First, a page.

Inflatable Heat Shield Project Gets a Spring in its Step

Illustration of Low-Earth Orbit Flight Test of an Inflatable Decelerator (LOFTID). (Credits: NASA)

NORFOLK, Va. (NASA PR) — Testing of a key component of NASA’s Low-earth Orbit Flight Test of an Inflatable Decelerator (LOFTID) is on track, thanks in part to Old Dominion University (ODU) in Norfolk, Virginia.

LOFTID is a cross-cutting technology designed to enable delivery of heavy cargos to any planet with an atmosphere. In a few years, the project will launch a six-meter inflatable heat shield into low-Earth orbit on an Atlas V rocket and collect data during re-entry.

To get ready for its first flight test, LOFTID is conducting testing of an engineering version of the spring that will release the data recorder during the demonstration. Testing must be conducted continuously for a period of 60 days to capture the necessary data.

“These tests are really important because they allow us to move forward with design and build of the Ejectable Data Recorder (EDR) mechanism,” said Joe Del Corso, deputy project manager for LOFTID at NASA’s Langley Research Center in Hampton, Virginia.

After NASA’s facilities were closed during the government furlough earlier this year, and LOFTID’s spring testing was halted, the team reached out to ODU civil and environmental engineering professor Zia Razzaq for support so the test could continue uninterrupted.

“They stepped up and lent us a Tinius Olsen materials testing machine to be able to test the spring and keep LOFTID on schedule,” said Robert Wagner, EDR lead for LOFTID.

The 60-day compression test of the spring ensures the load rating is comparable to what is expected and needed to be able to eject the data recorder through the shock layer of the recovery vehicle during the flight test. The duration of the creep test is set to encompass the maximum time the data recorder should remain compressed prior to the launch of the heat shield.

As shown in the photo, the spring (positioned in the Tinius Olsen machine) is compressed 2.71 inches down until a load of 979 pounds is reached. ODU graduate students monitored the load daily and recorded the load reading on a weekly basis. The testing at ODU has been successful with data results as showing no relaxation under load.

“It’s a pleasure and honor for us to work for NASA,” said Herish Hussein, civil engineering Ph.D. candidate at ODU. “This is my first time working with NASA and I have high respect for and have loved NASA since I was in high school.”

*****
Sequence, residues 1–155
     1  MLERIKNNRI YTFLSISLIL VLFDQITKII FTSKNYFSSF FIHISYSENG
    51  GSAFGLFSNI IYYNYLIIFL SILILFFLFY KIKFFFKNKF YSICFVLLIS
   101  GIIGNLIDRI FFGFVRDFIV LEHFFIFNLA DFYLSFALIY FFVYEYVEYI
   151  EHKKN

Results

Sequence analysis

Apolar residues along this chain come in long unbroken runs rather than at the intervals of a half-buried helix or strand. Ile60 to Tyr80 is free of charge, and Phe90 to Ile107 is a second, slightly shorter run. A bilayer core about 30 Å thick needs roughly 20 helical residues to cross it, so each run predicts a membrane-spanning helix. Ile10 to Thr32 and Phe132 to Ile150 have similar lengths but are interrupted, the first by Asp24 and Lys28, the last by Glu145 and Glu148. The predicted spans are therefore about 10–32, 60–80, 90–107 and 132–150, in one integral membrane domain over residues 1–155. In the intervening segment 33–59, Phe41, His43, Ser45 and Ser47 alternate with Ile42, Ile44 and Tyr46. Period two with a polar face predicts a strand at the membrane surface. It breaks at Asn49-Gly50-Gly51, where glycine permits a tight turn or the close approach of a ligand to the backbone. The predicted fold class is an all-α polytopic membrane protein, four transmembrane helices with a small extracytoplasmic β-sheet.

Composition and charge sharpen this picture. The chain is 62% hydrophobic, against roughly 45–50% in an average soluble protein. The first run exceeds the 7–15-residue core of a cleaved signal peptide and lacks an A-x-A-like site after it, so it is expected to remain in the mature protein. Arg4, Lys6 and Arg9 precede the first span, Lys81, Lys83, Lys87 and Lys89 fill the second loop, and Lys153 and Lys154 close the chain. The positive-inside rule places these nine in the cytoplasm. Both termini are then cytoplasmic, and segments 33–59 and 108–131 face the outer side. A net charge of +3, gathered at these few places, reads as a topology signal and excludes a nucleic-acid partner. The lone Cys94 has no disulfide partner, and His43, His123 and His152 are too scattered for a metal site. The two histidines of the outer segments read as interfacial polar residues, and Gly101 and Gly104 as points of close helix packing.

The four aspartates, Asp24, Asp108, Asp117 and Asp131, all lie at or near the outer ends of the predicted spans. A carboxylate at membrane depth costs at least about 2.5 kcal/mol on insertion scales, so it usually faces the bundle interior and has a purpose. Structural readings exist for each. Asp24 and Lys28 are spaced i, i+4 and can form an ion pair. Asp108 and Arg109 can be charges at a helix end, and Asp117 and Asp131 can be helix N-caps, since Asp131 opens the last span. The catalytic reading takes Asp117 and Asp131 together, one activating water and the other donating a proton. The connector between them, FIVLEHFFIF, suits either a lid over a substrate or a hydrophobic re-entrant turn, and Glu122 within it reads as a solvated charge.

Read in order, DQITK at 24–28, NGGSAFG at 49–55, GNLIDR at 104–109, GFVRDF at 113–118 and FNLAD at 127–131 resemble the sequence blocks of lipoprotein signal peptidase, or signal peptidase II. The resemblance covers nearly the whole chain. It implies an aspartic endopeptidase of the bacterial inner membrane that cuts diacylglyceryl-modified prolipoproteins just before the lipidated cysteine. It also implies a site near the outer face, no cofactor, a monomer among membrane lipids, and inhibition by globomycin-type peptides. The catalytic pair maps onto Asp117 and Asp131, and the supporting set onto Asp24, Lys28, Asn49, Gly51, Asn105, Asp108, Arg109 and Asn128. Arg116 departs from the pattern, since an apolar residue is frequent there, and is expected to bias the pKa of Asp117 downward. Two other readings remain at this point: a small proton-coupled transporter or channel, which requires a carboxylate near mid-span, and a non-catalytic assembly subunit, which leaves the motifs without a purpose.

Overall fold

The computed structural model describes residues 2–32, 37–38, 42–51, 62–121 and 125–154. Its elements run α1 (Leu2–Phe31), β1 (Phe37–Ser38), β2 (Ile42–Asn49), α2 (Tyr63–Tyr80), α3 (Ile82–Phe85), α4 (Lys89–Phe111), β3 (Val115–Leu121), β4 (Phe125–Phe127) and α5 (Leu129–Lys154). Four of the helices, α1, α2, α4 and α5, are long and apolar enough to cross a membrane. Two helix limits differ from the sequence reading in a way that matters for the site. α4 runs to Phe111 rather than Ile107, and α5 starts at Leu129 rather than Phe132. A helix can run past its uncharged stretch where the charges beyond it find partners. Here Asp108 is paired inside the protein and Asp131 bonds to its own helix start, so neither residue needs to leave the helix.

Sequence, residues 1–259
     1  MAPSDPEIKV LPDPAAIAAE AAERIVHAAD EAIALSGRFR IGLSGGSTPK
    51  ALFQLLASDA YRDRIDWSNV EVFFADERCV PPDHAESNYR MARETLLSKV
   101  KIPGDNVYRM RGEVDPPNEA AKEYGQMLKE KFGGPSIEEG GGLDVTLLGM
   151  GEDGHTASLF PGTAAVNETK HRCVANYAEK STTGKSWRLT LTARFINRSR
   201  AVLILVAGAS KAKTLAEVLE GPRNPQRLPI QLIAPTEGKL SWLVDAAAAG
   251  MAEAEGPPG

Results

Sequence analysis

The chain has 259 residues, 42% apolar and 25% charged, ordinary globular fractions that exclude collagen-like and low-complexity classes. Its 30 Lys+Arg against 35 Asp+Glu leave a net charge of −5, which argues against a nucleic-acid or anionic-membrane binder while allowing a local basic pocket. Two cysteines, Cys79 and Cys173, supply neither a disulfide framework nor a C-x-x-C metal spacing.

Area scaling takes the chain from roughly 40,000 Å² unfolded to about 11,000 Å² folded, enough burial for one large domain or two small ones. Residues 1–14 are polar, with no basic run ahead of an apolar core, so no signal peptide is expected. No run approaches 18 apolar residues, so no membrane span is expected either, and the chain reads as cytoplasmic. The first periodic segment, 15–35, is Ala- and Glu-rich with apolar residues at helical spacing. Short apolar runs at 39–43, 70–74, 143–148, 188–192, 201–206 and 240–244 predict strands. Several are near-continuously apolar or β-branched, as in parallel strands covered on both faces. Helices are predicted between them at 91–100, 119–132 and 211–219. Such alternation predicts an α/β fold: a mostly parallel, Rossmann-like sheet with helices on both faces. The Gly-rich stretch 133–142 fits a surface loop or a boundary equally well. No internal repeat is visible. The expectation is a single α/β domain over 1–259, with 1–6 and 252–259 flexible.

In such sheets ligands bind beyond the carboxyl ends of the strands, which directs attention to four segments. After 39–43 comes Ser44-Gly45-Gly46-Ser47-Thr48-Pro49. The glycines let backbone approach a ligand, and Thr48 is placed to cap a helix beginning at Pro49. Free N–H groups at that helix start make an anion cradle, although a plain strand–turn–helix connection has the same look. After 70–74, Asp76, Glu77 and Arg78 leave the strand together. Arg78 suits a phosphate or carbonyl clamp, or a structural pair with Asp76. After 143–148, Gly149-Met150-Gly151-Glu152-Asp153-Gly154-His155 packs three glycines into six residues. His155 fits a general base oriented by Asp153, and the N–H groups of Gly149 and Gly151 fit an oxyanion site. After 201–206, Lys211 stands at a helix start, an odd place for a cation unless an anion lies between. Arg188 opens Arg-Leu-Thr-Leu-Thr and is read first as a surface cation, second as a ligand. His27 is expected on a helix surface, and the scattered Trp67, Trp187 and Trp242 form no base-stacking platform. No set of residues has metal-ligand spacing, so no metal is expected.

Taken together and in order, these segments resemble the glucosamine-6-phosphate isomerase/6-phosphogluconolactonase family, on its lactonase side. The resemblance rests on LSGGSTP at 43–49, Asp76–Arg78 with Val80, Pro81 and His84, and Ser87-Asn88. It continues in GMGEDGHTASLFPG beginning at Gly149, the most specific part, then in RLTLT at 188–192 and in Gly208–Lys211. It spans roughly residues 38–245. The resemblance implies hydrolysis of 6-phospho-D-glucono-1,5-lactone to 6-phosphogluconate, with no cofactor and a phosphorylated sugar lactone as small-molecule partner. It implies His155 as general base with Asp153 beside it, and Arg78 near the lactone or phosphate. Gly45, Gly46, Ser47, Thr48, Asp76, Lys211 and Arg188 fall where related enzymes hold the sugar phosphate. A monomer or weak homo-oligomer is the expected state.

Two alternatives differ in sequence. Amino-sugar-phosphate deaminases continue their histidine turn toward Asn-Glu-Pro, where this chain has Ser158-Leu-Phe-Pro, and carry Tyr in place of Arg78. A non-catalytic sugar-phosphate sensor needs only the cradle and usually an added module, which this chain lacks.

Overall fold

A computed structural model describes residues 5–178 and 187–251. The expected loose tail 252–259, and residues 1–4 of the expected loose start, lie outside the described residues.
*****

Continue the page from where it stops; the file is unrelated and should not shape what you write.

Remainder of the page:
The tests conducted at ODU for the engineering development unit of the ejection system will be repeated for the flight unit.

“The capability to test our reentry vehicle hardware at ODU provided a great backup capability to the LOFTID project,” added Barry Bryant, project manager for LOFTID. “I really appreciate the approach Robert and ODU came up with to support the LOFTID orbital flight technology demonstration mission.”

The LOFTID project is a part of the Technology Demonstration Missions program funded by NASA’s Space Technology Mission Directorate. The project is managed by NASA’s Langley Research Center in Hampton, Virginia.

  • AdmBenson

    I wonder if the second stage of New Glenn would fit in LOFTID’s cone? I assume that it would have to be oriented engine down, which would seem to preclude a propulsive landing. Parachutes maybe?

  • publiusr
  • TheBrett

    I like it. That could be incredibly useful for aerocapture on interplanetary missions, or on missions returning from the Moon.

  • TheBrett

    It might be possible to blow it apart before the lander fires its thrusters, or even just have the lander thrust away from it before orienting to land once it has bled off enough speed (like with an abort set-up).

  • Robert G. Oler

    this is an amazing technology…it should be tested and used

  • Zed_WEASEL

    The test history of such devices is not that good.

  • Robert G. Oler

    agreed but so far the test history on this has been good…it could just change enormously the space equation for places like Mars